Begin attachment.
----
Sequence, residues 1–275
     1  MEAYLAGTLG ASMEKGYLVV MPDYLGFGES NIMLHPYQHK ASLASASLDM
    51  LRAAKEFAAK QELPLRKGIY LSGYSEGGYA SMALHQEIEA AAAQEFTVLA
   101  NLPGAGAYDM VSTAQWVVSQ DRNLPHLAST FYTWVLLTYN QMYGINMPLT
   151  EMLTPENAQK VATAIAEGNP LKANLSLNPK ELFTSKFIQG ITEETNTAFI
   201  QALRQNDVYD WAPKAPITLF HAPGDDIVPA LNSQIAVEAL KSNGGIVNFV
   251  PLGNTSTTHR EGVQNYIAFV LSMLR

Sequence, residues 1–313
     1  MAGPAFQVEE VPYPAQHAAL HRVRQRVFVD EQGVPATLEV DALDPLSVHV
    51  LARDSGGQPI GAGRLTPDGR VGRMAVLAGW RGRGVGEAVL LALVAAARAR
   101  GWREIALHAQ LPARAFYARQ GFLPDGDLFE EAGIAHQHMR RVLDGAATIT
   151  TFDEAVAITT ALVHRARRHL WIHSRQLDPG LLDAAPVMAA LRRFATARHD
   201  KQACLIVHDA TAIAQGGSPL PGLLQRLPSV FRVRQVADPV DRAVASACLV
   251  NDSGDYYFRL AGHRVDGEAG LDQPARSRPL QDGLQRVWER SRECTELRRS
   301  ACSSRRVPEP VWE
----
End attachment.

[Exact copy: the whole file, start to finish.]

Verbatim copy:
Sequence, residues 1–275
     1  MEAYLAGTLG ASMEKGYLVV MPDYLGFGES NIMLHPYQHK ASLASASLDM
    51  LRAAKEFAAK QELPLRKGIY LSGYSEGGYA SMALHQEIEA AAAQEFTVLA
   101  NLPGAGAYDM VSTAQWVVSQ DRNLPHLAST FYTWVLLTYN QMYGINMPLT
   151  EMLTPENAQK VATAIAEGNP LKANLSLNPK ELFTSKFIQG ITEETNTAFI
   201  QALRQNDVYD WAPKAPITLF HAPGDDIVPA LNSQIAVEAL KSNGGIVNFV
   251  PLGNTSTTHR EGVQNYIAFV LSMLR

Sequence, residues 1–313
     1  MAGPAFQVEE VPYPAQHAAL HRVRQRVFVD EQGVPATLEV DALDPLSVHV
    51  LARDSGGQPI GAGRLTPDGR VGRMAVLAGW RGRGVGEAVL LALVAAARAR
   101  GWREIALHAQ LPARAFYARQ GFLPDGDLFE EAGIAHQHMR RVLDGAATIT
   151  TFDEAVAITT ALVHRARRHL WIHSRQLDPG LLDAAPVMAA LRRFATARHD
   201  KQACLIVHDA TAIAQGGSPL PGLLQRLPSV FRVRQVADPV DRAVASACLV
   251  NDSGDYYFRL AGHRVDGEAG LDQPARSRPL QDGLQRVWER SRECTELRRS
   301  ACSSRRVPEP VWE